Vietnam in 14 days

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In the past two weeks I have had the privilege of travelling through an extraordinary country. Having lived my student days in parallel with the Vietnam War (to the Vietnamese, the American War), I needed to catch up with Vietnamese life as it is lived today. Until 1995, it was a closeted world but in ten years the transformation to a market economy is remarkable. And yet it is still a single party state, run tightly by the inheritors of Ho Chi Minh’s struggle for an independent nation. Fighting the invader has been long familiar: living the peace is posing all kinds of new and relatively unfamiliar challenges.

The journey passed through cities and villages, high country and coastal plains, rivers and bays. A modern life-style: motorbikes, mobile phones and iPods, mysterious masked girls riding side by side with elegant women in high heels.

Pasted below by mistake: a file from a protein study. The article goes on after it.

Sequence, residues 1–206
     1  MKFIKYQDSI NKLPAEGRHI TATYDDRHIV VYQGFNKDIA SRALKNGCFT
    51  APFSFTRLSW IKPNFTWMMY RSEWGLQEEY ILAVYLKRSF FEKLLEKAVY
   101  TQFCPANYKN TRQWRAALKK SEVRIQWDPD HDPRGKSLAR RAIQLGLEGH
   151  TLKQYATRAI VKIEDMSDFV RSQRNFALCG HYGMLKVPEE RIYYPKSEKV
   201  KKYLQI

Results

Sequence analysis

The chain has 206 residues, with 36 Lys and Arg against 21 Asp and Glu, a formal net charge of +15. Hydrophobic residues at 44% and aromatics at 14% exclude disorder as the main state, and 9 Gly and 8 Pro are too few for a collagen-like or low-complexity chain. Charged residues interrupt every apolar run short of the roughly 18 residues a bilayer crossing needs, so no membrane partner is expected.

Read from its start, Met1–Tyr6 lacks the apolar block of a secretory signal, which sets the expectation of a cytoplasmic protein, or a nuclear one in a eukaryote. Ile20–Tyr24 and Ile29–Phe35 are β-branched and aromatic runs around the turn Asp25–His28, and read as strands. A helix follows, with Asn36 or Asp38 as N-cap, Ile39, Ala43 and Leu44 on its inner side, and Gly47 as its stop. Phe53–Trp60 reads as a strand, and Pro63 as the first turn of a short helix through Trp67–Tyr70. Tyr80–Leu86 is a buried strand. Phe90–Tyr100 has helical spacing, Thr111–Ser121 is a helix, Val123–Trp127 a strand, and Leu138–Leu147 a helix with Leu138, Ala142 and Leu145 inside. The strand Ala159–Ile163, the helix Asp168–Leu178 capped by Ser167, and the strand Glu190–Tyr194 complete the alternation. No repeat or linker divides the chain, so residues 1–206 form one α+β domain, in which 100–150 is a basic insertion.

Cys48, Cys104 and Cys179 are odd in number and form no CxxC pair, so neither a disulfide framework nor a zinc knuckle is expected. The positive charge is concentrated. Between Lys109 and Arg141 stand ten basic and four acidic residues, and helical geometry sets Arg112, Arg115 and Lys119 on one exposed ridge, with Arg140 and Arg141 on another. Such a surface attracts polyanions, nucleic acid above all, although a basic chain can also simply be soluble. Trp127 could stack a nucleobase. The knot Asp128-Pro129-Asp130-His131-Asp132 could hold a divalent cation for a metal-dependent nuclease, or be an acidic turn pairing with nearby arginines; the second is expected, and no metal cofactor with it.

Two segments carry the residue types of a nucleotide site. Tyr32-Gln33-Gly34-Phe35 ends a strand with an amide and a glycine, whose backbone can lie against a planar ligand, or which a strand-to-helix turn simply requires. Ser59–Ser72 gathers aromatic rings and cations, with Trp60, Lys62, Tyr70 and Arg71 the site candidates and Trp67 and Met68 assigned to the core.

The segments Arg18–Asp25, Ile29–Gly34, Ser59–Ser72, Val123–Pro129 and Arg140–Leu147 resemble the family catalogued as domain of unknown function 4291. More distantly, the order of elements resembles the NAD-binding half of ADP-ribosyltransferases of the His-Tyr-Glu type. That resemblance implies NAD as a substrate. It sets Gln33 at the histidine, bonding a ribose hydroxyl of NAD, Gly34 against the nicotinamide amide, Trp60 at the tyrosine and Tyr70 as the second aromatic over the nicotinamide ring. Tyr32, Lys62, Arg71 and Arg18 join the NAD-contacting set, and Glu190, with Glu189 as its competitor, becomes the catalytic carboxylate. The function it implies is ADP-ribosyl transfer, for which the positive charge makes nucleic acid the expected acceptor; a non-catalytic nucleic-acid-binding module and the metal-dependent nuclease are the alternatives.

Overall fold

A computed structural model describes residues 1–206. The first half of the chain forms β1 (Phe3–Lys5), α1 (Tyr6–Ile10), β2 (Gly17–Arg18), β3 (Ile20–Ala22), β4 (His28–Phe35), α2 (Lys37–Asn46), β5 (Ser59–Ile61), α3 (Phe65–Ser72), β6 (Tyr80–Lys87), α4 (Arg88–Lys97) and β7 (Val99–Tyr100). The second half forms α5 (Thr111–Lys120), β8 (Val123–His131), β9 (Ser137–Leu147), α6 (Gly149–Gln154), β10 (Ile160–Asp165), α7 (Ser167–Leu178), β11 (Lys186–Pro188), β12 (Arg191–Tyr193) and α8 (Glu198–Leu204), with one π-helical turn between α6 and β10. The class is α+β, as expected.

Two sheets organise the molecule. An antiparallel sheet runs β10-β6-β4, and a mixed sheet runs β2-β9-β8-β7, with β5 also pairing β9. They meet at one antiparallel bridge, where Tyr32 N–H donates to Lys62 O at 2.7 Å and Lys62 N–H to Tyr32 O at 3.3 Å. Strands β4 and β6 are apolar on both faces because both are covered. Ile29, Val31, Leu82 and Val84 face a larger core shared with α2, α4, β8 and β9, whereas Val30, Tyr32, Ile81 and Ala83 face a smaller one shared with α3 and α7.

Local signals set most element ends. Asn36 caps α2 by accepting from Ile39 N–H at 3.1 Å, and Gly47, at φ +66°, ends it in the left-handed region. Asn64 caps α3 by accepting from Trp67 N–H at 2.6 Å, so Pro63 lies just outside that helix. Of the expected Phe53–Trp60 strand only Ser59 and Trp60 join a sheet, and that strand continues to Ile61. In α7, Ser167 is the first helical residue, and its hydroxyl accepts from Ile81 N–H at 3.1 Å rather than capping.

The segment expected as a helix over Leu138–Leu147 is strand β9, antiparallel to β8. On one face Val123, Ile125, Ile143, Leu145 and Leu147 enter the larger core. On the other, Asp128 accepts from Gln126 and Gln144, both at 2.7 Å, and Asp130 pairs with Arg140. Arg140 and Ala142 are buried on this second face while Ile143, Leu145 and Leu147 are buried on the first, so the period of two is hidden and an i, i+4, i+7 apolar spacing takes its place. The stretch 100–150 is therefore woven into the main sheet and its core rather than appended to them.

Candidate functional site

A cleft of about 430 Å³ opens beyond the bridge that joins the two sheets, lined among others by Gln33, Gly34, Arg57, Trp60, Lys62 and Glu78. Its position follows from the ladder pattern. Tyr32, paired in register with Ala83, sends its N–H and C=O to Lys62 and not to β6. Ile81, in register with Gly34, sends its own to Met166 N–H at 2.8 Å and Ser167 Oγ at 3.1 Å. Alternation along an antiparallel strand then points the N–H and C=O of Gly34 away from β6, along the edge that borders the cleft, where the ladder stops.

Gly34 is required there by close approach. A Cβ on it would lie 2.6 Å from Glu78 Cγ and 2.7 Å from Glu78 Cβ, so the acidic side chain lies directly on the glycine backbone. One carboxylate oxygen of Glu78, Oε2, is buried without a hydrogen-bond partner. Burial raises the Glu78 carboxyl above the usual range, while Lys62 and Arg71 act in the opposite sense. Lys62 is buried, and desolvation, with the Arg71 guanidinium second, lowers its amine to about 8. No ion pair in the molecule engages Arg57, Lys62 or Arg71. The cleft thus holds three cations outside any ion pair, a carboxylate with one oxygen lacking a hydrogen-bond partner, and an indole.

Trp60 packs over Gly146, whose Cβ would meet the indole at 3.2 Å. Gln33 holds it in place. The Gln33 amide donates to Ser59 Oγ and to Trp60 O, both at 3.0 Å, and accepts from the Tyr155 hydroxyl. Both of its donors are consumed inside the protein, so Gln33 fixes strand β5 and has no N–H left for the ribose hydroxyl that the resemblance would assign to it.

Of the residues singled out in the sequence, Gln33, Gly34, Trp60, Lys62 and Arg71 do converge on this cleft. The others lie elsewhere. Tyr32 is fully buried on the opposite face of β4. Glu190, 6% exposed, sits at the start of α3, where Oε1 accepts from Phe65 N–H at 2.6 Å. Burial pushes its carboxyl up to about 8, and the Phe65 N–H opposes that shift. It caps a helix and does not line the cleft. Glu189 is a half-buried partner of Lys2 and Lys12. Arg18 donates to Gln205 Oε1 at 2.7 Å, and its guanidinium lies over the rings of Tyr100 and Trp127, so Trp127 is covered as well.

A rural living by ancient methods: water buffalos ploughing rice paddies and limpet hatted workers weeding vast spaces by hand; ripened rice is cut by scythe and stacked, collected by hand cart,then beaten and cleaned by straw brush on the roadside before being shovelled into bags ready for collection. And then there are the more up to date methods like motor bike bearing chickens and pigs in cages!

The fourteen day trip was spent in the company of our tour leader and local guides and eleven other total strangers all of who became a kind of surrogate family, sharing meals, boat, coach and air trips and novel experiences. I came away promising to return: the people, the landscapes, the scenes of working life, the organised chaos of the traffic, are unforgettable.

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